FORT MYERS, Fla. -- Even though he's been gone for 18 months and now wears a Boston Red Sox uniform, Ruben Amaro Jr. still has skin in the Phillies' rebuild.
Amaro was the Phillies' general manager in July 2015 when the team sent Cole Hamels and Jake Diekman to the Texas Rangers for a package that included five prospects, some who have already contributed in the major leagues and others that are knocking on the door.
And though his professional concern these days is coaching first base for Red Sox, Amaro still sneaks an occasional peek at how those prospects are progressing.
"Absolutely," he said before the Phillies and Red Sox played Saturday afternoon (see story). "It's human nature.
"It seems like they're doing OK. I think eventually they will all be contributors in the big leagues. If you get five of those guys to contribute in the big leagues, I think that's a pretty good trade."
The Phillies got three right-handed pitchers, Jerad Eickhoff, Alec Asher and Jake Thompson, in that deal, as well as catcher Jorge Alfaro and outfielder Nick Williams.
Thompson, Alfaro and Williams will be part of a prospect-studded Triple A Lehigh Valley team this season, and all three could be regulars in the majors in a year. Asher is still a candidate to make this year's big-league club in the bullpen.
Eickhoff, of course, is already a stalwart on the club. The 26-year-old right-hander led the starting staff in starts (33), innings (197 1/3) and ERA (3.65) last season. His mark of 1.92 walks per nine innings was fourth-best among National League starting pitchers last season.
Earlier this week, manager Pete Mackanin named Jeremy Hellickson his opening day starter. Hellickson called it "a great honor," then admitted that he thought Eickhoff deserved it more.
Eickhoff has been called a throw-in in the Hamels trade.
In fact, the pitcher himself used that phrase recently.
Amaro set the record straight.
"He wasn't a throw-in," the former GM said.
In terms of upside, Eickhoff might have ranked fourth in the deal behind Alfaro, Williams and Thompson, but he was a guy the Phillies invested many scouting hours in, a guy they wanted.
"He was an important part of it because he was one of the closest to getting to the big leagues as a starter and we needed guys from the upper levels because we didn't have a lot of them in starting pitching," Amaro said.
Amaro and Rangers GM Jon Daniels worked on the Hamels deal for months before pulling the trigger at July 2015 trade deadline.
Eickhoff had popped on the Phillies' radar when scout Charley Kerfeld watched him throw on a back field at the Rangers' minor-league complex. Scouts Dewey Colbert and Bart Braun also saw him.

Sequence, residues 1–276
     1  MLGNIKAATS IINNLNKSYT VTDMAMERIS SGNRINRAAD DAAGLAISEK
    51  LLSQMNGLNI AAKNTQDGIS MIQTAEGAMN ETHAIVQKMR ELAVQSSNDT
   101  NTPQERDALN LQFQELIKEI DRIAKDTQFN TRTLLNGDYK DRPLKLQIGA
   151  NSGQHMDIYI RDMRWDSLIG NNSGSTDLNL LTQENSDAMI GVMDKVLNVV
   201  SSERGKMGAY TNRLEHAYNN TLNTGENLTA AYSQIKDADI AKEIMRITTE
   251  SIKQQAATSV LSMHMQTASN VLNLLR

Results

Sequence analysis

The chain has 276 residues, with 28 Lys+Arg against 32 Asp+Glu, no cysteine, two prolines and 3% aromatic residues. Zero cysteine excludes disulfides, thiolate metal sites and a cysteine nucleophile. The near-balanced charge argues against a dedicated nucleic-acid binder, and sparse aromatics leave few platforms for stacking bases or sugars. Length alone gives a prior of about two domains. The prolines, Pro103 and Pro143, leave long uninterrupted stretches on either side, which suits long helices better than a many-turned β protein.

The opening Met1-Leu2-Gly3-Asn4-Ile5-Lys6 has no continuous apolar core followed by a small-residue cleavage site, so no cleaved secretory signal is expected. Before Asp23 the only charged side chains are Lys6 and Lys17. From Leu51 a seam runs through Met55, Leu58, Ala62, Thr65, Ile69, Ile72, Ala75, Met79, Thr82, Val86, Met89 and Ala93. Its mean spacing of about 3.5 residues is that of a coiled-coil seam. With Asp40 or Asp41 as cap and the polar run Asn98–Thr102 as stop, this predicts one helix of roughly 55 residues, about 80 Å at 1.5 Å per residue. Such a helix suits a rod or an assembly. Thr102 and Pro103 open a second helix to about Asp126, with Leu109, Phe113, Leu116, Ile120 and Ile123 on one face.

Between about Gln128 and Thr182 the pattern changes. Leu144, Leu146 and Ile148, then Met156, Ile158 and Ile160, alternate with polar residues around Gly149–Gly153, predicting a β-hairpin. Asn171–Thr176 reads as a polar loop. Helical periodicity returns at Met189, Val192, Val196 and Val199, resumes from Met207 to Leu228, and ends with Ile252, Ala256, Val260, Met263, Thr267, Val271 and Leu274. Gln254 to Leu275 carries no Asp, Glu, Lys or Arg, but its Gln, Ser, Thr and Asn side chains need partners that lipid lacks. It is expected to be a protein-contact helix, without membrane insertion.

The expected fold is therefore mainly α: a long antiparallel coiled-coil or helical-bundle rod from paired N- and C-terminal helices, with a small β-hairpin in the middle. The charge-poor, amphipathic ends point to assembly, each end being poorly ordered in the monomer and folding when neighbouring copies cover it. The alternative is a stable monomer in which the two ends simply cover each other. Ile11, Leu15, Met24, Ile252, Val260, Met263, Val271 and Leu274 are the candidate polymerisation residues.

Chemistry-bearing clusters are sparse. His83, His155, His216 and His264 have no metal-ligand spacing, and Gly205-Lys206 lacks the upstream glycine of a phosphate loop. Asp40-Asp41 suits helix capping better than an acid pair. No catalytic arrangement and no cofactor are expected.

"All of our guys saw him," Amaro said. "Charley saw him a lot. Dewey and Bart saw him. We had multiple looks on him and everybody else in that deal. We had quality recommendations.
"He wasn't one of (Texas') top 10 guys. But that's what good scouting is all about.
"After we made the trade, I talked to Jon Daniels about it and he said Eickhoff was the guy he was most pissed off about moving because he loved his character and the way he went about his business. He told me, 'I wish you would have substituted somebody else for Eickhoff.'"
Eickhoff actually came to the majors when Amaro was still the Phillies' GM. Amaro was let go between the time Eickhoff made his fourth and fifth starts.
Amaro peeked at the box scores after Eickhoff's starts last season.
Was he surprised by Eickhoff's performance?
"With the amount of innings he had, absolutely," he said. "But that's a great credit to him.
"Eickhoff has something that's different from other guys. He's got that thing that you need as a major league pitcher to be successful. He's got that internal drive and he's got (guts). That's big. You can't measure that with a protractor.
"Other things can be measured with a protractor. That one can't.
"From my brief time with him and from talking to other people, I know he wants to be good. You can tell he's got something in there."
With all of this going for him, why was Eickhoff rated fourth in the deal?
"Ceiling," Amaro said. "When you talk about ceiling, overall stuff, Thompson was one of those guys who had a higher ceiling. But ceilings, obviously, can change when a guy gets to the big leagues.
"We had a lot of internal debates about how guys lined up in this trade."
In the months leading up to the deal, the Phillies sought Alfaro and power-hitting outfielder Nomar Mazara, who hit 20 homers as a 21-year-old rookie for the Rangers last season.
"Mazara was about as untouchable as you can get," Amaro said. "Real high-ceiling guy who we liked the most probably along with Alfaro.
"We talked for a long time. It got to the point where we would not do the deal without Alfaro. We had to get 'a guy' and everyday catcher is such a crucial position. As far as the position guys, he was the most crucial."
The Phillies wanted an outfield bat in the deal, as well. With Mazara not in play, they focused on Williams and Lewis Brinson, a prospect who the Rangers sent to Milwaukee in last summer's deal for catcher Jonathan Lucroy.
"There was a lot of discussion about Williams and Brinson," Amaro said. "We liked them both. We thought that Williams was closer at the time and we really wanted guys that were close and we liked the way (Williams) swung the bat."
The final verdict on Amaro's watershed trade with the Rangers is still years away. Hamels has helped Texas get to the postseason the last two seasons and helps fuel that club's big dreams this season.
The Phillies' haul in the deal is still percolating and the team hopes it one day comes together as a fine brew.
And if it does, Ruben Amaro Jr. can feel some satisfaction. He's no longer a Phillie, but he has some skin in the team's rebuild.